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Employee or Independent Contractor? Three Ways to Determine Worker Classification

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Employee or Independent Contractor? Three Ways to Determine Worker Classification

Incorrectly classifying your independent contractors or employees can really drive up your income taxes and workers’ compensation claims.

When figuring out how to classify your employees, consider how you manage their work, and whether they’re legally entitled to be covered by workers’ compensation benefits. There isn’t much grey area when it comes to workers’ compensation, so be sure you’re following the law and classifying your workers correctly.

A general rule of thumb: the more control you have over your workers, the greater the chance that they should be considered an employee, and that you’re obligated to cover them under your workers’ compensation policy.

Here are three ways to determine worker classification.

You don’t have to guess how to classify employees. The Internal Revenue Service (IRS) has outlined the three criteria necessary to determine a worker’s classification:1

1. Behavioral

Does your company control, or have the right to control, what job your worker does and how they do it?

2. Financial

Do you control the business aspects of your worker’s job? These might include, for example, how they’re paid, whether their expenses are reimbursed, and who provides their tools/supplies.

3. Type of relationship

Do you have a written contract with the worker, or offer them benefits enjoyed by employees (for example, a pension plan, insurance or vacation pay)? Is your relationship with them continuing? Is the work they perform key to your business?

If you answered yes to some of these questions and no to others, you have a problem. You must consider all three factors together, and answer all questions the same way to clearly determine if a worker is an employee or an independent contractor for tax purposes.

IMPORTANT NOTE: Still can’t determine the worker’s classification? Complete IRS Form SS-8. Submit it to the IRS and they’ll make an official ruling for you.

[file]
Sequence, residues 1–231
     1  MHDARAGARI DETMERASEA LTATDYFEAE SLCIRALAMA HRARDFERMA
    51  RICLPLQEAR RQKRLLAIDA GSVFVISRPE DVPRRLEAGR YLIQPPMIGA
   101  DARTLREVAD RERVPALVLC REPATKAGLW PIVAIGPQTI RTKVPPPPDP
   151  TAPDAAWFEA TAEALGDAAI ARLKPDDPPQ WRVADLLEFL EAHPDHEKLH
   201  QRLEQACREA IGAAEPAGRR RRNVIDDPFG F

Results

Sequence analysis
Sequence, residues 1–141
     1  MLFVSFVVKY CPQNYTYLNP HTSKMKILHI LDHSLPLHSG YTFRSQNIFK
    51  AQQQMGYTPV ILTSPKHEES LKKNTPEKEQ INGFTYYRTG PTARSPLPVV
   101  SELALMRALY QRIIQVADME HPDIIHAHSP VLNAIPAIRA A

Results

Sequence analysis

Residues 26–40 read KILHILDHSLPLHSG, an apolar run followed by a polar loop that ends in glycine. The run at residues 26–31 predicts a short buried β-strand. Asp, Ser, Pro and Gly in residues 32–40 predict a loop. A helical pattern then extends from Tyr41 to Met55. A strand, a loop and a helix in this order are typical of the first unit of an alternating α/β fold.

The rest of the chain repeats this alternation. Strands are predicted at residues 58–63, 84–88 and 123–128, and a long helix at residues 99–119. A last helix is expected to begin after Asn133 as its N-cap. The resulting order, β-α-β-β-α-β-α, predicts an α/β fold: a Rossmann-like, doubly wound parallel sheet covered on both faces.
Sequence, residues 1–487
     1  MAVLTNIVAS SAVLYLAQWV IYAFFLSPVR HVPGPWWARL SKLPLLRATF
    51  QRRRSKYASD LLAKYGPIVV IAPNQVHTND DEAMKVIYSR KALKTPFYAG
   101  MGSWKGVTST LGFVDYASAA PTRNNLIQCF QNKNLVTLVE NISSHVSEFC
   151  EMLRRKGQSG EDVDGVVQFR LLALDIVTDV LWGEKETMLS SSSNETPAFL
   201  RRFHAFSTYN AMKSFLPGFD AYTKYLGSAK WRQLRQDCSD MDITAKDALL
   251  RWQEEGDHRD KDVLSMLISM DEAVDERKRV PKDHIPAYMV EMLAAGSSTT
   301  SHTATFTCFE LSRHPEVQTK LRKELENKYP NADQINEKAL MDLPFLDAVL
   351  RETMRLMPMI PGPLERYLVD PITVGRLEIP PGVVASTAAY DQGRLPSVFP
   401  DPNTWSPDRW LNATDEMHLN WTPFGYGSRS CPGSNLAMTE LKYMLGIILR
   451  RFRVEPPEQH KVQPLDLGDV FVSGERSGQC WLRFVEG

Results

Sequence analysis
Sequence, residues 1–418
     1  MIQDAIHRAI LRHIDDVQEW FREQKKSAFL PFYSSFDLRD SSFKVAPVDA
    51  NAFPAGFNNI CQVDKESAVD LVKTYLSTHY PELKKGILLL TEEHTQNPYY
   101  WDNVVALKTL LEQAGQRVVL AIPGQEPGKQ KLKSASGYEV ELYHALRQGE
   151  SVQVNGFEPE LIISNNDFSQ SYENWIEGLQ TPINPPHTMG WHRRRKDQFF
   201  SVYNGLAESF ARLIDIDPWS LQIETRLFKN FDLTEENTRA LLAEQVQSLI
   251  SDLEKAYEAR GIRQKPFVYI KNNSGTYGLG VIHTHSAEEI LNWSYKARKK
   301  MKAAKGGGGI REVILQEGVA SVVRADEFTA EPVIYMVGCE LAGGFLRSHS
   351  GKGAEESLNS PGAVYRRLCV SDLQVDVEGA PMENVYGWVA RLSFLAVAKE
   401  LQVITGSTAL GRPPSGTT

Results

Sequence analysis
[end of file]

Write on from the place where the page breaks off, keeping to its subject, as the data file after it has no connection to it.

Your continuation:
Protect your business from undue expenses and claims. Make sure you’re classifying your workers correctly.

The IRS estimates that millions of workers nationally are misclassified2 — and misclassification carries consequences at both the state and federal levels. State governments are passing more laws to protect employee rights, and are cracking down on employers that aren’t meeting their obligations; at the federal level, more frequent IRS audits are exposing unlawful employers.

1.     Independent Contractor (Self-Employed) or Employee?, IRS

2.     Misclassification of Employees as Independent Contractors, Department for Professional Employees

Let’s work together to develop a comprehensive Workers’ Compensation strategy that protects your employees – and your bottom line.

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HUB International
HUB International
HUB International was born in 1998 with the merger of 11 privately held insurance brokerages. That number has grown to include more than 400 integrated brokerages across North America. Today, HUB is one of the largest insurance brokers in the world. Our network is broad, deep, and represents a one-of-a-kind aggregation of insurance entrepreneurs with a deep knowledge of the big issues you’re facing right now—and those that will affect you in the future. Get the latest business insurance insights.